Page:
The former diplomat felt for a sort of UN mechanism saying it will probably need a peacekeeping force under blue helmets or a regional peacekeeping force again under the same blue helmets.

“Once you can pacify the turmoil that’s taking place in Myanmar, a solution will probably start emerging from within Myanmar. That’s something I would urge all our friends, particularly Japan, to ensure that their part of Asia remains thankful, and doesn’t slide into a form of chaos,” he said, seeking ways to avoid any chaos.

Former Ambassador Tariq said Myanmar is on the “point of implosion” and implosion will result in an explosion.

He said Japan should assist Bangladesh to have the necessary stability to allow its dreams to go forward together. “We cannot afford to have the instability disturbing our dreams together forward.”

The Japanese Ambassador said it is also important to keep the international community engaged both in Cox’s Bazar and Bhasan Char relocation plan.

“We should take a comprehensive approach both for Bhasan Char and Cox’s Bazar Rohingya camps. Japan expects the UN's operational engagement on the island soon since that is crucial to move forward,” said Ambassador Ito.

He said the Bhasan Char project has got to be successful from a long-term viewpoint to find a durable solution. “Otherwise, the whole process may be delayed. It’s clear now that repatriation takes a much longer time.”

Bangladesh is hosting over 1.1 million Rohingyas in Cox’s Bazar district and Bhasan Char.

Japan’s Rohingya-related humanitarian assistance in Bangladesh amounts to US$ 159 million which supports the Rohingya people and host communities through international organizations and NGOs.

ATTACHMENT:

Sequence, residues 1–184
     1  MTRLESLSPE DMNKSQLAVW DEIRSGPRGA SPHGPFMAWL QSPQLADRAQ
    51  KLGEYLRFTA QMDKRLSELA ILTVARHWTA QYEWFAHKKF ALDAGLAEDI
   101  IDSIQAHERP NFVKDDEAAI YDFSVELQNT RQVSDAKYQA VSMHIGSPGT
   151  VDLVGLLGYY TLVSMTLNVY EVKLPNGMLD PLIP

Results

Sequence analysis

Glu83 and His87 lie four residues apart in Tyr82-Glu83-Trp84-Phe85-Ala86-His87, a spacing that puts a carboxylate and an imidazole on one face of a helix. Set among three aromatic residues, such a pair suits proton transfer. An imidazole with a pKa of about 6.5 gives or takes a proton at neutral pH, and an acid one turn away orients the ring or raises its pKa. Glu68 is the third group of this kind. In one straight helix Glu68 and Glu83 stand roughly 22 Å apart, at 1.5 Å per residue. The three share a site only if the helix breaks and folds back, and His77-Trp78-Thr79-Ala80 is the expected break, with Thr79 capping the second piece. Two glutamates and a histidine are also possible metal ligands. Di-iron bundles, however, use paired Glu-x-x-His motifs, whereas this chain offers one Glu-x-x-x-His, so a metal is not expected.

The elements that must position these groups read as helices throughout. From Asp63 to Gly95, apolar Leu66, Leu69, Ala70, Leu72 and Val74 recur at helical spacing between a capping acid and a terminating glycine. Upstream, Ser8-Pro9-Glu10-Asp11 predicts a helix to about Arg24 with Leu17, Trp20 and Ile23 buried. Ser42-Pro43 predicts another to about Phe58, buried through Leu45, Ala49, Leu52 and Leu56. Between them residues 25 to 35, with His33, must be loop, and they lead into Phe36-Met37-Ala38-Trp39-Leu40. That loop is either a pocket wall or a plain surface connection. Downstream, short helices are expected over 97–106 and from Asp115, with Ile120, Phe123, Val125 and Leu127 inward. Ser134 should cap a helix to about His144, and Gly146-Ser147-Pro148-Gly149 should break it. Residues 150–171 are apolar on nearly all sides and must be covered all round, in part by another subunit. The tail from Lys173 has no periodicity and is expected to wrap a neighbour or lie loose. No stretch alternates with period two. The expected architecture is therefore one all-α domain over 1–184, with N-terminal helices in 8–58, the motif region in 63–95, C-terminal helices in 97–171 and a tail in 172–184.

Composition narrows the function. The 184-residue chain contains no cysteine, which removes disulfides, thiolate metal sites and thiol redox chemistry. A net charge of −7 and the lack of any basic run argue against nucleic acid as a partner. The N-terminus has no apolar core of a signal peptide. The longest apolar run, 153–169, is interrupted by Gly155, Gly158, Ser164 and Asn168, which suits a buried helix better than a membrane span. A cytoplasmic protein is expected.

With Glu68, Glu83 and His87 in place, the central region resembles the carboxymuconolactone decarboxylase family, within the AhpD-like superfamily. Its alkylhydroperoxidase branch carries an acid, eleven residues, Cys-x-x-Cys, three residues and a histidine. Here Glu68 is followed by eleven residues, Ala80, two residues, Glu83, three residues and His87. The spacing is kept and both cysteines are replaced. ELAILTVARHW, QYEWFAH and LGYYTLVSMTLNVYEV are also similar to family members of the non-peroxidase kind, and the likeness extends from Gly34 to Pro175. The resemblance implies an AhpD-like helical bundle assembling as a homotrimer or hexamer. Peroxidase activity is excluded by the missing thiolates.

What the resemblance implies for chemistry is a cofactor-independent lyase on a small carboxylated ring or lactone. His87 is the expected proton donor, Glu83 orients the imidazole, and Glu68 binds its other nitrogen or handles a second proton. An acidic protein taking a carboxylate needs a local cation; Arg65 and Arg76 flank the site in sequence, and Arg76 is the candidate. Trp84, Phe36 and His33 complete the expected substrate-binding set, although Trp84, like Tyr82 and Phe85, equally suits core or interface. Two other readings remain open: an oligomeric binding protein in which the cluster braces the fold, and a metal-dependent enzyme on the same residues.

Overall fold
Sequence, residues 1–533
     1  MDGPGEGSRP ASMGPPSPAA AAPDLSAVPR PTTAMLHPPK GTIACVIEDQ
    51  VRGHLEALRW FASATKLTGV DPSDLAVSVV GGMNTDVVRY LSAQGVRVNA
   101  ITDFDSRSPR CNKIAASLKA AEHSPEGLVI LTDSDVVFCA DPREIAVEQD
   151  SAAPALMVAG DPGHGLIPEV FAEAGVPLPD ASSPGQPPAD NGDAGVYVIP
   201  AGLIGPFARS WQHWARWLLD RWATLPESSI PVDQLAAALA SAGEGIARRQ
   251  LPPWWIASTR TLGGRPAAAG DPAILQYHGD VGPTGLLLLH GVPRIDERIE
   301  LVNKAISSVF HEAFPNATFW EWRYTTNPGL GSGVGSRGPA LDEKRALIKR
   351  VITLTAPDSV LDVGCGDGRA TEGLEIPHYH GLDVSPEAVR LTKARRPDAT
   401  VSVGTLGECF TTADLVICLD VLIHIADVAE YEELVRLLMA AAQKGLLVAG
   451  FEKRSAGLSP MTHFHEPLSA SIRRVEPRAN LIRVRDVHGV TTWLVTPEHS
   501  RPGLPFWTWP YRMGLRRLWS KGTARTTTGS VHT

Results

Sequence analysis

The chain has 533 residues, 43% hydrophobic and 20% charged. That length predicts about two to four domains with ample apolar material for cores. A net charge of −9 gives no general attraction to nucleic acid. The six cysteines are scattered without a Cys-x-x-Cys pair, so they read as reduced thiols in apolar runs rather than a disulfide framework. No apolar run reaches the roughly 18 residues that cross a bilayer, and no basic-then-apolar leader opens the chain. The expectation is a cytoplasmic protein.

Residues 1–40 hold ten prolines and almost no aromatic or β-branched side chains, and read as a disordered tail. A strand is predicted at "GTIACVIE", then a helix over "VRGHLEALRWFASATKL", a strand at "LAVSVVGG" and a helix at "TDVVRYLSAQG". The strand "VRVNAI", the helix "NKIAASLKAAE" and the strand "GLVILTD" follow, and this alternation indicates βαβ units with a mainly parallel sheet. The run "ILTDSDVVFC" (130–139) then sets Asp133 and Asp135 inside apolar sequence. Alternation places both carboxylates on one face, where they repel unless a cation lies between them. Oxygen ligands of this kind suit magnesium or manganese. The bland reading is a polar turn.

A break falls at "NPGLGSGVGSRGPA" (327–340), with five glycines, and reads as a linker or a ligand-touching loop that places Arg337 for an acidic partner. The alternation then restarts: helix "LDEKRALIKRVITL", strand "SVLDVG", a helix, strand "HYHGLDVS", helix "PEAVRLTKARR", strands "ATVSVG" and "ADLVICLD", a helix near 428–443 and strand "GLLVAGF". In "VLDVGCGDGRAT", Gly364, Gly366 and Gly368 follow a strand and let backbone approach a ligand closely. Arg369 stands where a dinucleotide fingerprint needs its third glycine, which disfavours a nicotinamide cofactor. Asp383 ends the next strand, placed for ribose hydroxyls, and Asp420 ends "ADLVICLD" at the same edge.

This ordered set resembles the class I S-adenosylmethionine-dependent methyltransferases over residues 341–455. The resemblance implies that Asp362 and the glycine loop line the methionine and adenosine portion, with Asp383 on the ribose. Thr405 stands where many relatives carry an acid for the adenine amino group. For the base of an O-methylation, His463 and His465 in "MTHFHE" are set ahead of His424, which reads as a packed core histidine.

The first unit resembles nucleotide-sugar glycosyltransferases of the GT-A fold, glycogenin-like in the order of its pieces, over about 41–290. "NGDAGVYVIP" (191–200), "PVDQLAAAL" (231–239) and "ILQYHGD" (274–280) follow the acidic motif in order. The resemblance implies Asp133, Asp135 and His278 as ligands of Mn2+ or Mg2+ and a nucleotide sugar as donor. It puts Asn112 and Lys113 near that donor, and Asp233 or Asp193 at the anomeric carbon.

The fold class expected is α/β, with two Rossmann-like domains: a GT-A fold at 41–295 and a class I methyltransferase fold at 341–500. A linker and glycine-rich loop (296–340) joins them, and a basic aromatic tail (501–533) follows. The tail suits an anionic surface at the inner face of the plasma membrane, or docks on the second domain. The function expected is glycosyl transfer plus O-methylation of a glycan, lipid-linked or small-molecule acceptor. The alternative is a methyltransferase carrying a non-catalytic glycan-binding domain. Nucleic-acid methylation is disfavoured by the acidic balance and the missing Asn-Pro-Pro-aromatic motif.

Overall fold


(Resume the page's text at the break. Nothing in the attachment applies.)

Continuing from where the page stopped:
Japanese Foreign Minister MotegiToshimitsu and UN Special Envoy on Myanmar Christine SchranerBurgener discussed the situation in Myanmar in May 2021.

Ambassador Ito said finding a lasting solution of the Rohingya crisis is conducive to their “pursuit of a Free and Open Indo-Pacific”.

Earlier, Japan, US and Australia Missions declared continuing support for host communities and the Rohingya people during a visit to the Rohingya camp in Cox’s Bazar in March 2021.

Wrapping up the roundtable discussion, Dr Iftekhar Chowdhury remarked that Bangladeshis remain “deeply beholden” to Japan for having always stood by them: “As one of the fastest growing developing economies, Bangladesh also provides for Japan an excellent trading partner, and a very useful investment destination.”

The event was a part of the resumption by the Cosmos Foundation of its very popular “Ambassadors Lecture Series” that used to be held in Dhaka earlier, the deliberations now being held on-line due to the situation of the Pandemic. In recent months, apart from this discussion on Bangladesh-Japan cooperation, such roundtables have been held on Bangladesh’s relations with the United States, India, and China.

The Cosmos Foundation has stated that it intends to hold more such webinars to enlighten the public on important aspects of Bangladesh’s foreign relations and generate constructive discussions focused on important issues.

With inputs from AR Jahangir, Muhammed Syfullah & Md. Ishtiak Hossain.

  • Bangladesh - Japan
  • Dhaka-Tokyo ties
  • to take Dhaka-Tokyo ties to higher level
  • Ambassador Ito sees 5 challenges ahead
  • Cosmos Foundation
  • Cosmos Dialogue